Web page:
Smoking is also a common cause of low oxygen saturation, as it can damage the lungs and make it harder for them to take in oxygen. Finally, certain medications can also cause low oxygen saturation levels. If you’re on any medication that affects the way your body uses or absorbs oxygen, it’s important to talk to your doctor about the potential risks.
Common Conditions that Can Lower Oxygen Saturation Levels
Let us take a deep dive into the several underlying conditions that can contribute to the decrease in oxygen saturation in the body.
- Pulmonary embolism – is a condition in which a blood clot blocks the pulmonary artery, preventing oxygen-rich blood from flowing to the lungs.
- Bronchitis – is an inflammation of the bronchial tubes, which are the airways that carry air to and from the lungs. This can cause a buildup of mucus, which can make it difficult to breathe and lower oxygen saturation levels.
- Pneumonia – is an infection of the lungs that can cause them to fill with fluid, making it difficult for oxygen to reach the blood.
- Congestive heart failure – is a condition in which the heart is unable to pump enough blood to meet the body’s needs. This can cause fluid to build up in the lungs, making it difficult to breathe and lowering oxygen saturation levels.
- Asthma – is a chronic condition that causes the airways to narrow, making it difficult to breathe. This can also lower oxygen saturation levels.
- Chronic obstructive pulmonary disease (COPD) – is a group of conditions that includes emphysema and chronic bronchitis. It is characterized by a progressive decline in lung function, which can make it difficult to breathe and lower oxygen saturation levels.
- Sleep apnea – a condition in which a person stops breathing for brief periods during sleep. This can cause oxygen levels to drop and lead to fatigue during the day.
- Anaemia – is a condition in which the blood does not have enough healthy red blood cells to carry oxygen to the body’s tissues. This can lead to fatigue and shortness of breath and can lower oxygen saturation levels.
- Cyanotic heart disease – is a group of conditions that affect the heart’s ability to pump blood properly. This can cause oxygen-poor blood to back up in the body, leading to a bluish tint to the skin and low oxygen saturation levels.
- Pulmonary fibrosis – is a condition in which the lungs become scarred and thickened, making it difficult to breathe. This can lead to low oxygen saturation levels.
Complications Brought About by Low SpO2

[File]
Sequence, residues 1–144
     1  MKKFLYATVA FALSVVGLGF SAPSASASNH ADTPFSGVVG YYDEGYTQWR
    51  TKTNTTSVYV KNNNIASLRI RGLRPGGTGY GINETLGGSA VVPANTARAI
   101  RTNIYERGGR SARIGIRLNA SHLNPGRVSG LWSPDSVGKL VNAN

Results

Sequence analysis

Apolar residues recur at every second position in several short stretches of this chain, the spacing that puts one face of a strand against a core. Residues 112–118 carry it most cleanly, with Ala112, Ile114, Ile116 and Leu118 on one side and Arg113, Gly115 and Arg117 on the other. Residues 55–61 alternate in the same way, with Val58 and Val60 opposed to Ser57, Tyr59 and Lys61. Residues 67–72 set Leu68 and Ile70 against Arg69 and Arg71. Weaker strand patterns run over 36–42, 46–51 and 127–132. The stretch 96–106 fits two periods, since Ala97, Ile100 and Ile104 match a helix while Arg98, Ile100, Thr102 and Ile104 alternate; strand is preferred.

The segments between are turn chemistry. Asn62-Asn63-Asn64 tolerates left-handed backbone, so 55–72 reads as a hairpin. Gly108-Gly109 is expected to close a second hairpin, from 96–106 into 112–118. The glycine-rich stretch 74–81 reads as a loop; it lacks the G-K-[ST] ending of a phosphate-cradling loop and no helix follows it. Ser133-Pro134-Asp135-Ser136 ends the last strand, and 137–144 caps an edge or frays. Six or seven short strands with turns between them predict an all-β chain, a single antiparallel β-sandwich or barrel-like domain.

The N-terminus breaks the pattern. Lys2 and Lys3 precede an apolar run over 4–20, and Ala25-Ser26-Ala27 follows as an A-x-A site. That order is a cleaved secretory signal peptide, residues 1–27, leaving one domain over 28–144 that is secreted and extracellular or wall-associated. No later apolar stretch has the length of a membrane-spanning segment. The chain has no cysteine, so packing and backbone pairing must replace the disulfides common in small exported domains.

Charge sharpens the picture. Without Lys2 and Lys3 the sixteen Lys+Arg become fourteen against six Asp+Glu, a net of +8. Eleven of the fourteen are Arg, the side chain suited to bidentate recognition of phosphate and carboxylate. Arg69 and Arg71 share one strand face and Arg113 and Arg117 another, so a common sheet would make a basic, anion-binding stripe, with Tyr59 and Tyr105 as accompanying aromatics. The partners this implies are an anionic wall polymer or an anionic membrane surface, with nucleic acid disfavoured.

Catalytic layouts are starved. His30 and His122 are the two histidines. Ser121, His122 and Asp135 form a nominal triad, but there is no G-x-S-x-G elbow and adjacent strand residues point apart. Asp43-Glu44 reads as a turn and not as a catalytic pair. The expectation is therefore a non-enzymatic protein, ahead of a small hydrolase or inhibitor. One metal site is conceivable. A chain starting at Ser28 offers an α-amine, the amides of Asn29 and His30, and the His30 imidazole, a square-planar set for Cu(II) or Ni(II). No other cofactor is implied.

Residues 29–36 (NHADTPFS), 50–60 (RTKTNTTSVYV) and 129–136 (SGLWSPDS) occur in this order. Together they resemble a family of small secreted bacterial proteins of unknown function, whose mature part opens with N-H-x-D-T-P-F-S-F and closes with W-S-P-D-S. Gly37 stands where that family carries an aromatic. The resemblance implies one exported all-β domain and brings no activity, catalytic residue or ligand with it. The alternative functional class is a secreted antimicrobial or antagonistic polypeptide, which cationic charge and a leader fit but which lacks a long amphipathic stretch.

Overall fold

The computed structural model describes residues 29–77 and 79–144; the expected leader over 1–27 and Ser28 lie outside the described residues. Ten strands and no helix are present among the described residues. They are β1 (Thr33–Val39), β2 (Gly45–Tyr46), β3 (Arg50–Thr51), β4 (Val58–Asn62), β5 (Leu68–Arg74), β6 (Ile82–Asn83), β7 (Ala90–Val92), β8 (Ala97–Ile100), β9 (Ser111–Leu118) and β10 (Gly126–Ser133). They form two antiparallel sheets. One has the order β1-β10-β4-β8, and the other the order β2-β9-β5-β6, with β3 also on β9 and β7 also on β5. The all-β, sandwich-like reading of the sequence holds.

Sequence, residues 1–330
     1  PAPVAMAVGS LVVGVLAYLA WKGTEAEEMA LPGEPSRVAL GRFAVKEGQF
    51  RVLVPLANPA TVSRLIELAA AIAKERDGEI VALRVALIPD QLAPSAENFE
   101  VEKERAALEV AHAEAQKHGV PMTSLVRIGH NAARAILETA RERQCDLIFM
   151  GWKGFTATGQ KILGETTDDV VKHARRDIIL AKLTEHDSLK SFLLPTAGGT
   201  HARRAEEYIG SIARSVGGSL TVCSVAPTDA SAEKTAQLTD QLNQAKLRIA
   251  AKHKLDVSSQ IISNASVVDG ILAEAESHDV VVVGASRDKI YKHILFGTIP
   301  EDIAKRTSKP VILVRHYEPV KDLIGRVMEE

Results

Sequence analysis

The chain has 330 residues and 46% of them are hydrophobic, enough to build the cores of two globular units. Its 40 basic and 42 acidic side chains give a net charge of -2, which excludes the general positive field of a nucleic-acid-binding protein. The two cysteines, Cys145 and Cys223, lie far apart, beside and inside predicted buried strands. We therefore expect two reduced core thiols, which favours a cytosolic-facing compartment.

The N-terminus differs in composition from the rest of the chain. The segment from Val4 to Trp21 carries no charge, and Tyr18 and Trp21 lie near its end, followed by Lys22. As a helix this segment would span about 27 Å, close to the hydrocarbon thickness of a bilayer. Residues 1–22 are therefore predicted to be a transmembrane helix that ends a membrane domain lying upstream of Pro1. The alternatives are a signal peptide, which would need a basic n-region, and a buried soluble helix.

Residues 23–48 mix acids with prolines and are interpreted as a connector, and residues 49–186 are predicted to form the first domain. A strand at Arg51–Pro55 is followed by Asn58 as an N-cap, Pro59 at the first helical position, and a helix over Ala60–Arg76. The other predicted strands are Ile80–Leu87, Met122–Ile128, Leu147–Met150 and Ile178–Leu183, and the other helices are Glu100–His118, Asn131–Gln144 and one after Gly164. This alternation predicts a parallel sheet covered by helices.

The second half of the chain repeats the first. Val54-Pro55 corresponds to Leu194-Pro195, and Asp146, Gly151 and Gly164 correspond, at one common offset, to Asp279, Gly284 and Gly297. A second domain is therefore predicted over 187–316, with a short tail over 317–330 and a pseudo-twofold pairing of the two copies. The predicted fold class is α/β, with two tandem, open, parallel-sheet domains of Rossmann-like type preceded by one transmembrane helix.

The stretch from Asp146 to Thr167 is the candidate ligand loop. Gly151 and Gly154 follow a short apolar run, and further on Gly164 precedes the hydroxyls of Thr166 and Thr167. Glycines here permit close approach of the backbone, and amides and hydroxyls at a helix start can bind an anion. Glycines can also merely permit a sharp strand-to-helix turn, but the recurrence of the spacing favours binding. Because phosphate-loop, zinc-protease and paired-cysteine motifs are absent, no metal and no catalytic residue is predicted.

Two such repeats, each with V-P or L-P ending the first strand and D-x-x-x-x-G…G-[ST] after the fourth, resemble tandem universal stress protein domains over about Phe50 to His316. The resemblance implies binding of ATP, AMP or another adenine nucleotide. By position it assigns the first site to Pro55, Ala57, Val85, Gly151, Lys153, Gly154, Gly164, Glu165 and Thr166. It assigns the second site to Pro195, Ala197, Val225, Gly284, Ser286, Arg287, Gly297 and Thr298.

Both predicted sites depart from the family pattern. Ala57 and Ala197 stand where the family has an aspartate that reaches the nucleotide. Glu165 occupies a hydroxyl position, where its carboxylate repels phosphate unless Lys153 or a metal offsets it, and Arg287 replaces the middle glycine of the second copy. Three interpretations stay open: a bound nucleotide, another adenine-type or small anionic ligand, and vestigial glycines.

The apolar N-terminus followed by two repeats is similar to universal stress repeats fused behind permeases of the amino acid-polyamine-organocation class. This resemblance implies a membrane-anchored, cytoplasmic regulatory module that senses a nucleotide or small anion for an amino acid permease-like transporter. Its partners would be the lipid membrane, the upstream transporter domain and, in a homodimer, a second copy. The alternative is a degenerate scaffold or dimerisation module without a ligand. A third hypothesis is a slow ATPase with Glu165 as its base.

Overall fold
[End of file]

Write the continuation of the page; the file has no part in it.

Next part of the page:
If oxygen levels do not return to normal levels after several readings and if left untreated, certain complications can happen.
- Low oxygen saturation levels can cause a decrease in blood pressure, which can lead to lightheadedness, dizziness, and fainting.
- Oxygen deprivation can also lead to an irregular heartbeat, and in severe cases, heart failure.
- Lung damage and respiratory failure are also possible complications of low oxygen saturation levels.
- Oxygen deprivation can also cause neurological damage, including seizures, coma, and even death.
- In pregnant women, low oxygen saturation levels can lead to miscarriage, premature labour, and stillbirth.
- Lastly, low oxygen saturation levels can cause fatigue, weakness, and confusion. If you experience any of these symptoms, call triple zero (000) immediately.
SpO2, or arterial oxygen saturation, represents a measurement of the quantity of oxygen that attaches to the haemoglobin cells in the circulatory system. It is a measure of the amount of oxygen in your blood.
If you are with a patient who has low oxygen saturation (below 90%), it is important to seek medical attention immediately and bring the patient down to a lower altitude if possible. In the meantime, supplemental oxygen may be given if available. If the patient is unconscious, they will need to be placed in the recovery position and given CPR if necessary. It is also important to monitor the patient’s vital signs and keep them warm.
If you are interested in enrolling in a CPR and first aid course at Cnr Ferry Rd and, Cotlew St E, Southport 4215, contact CPR First Aid RTO 21903, a leading provider of compliant and nationally accredited first aid courses delivered all across Australia.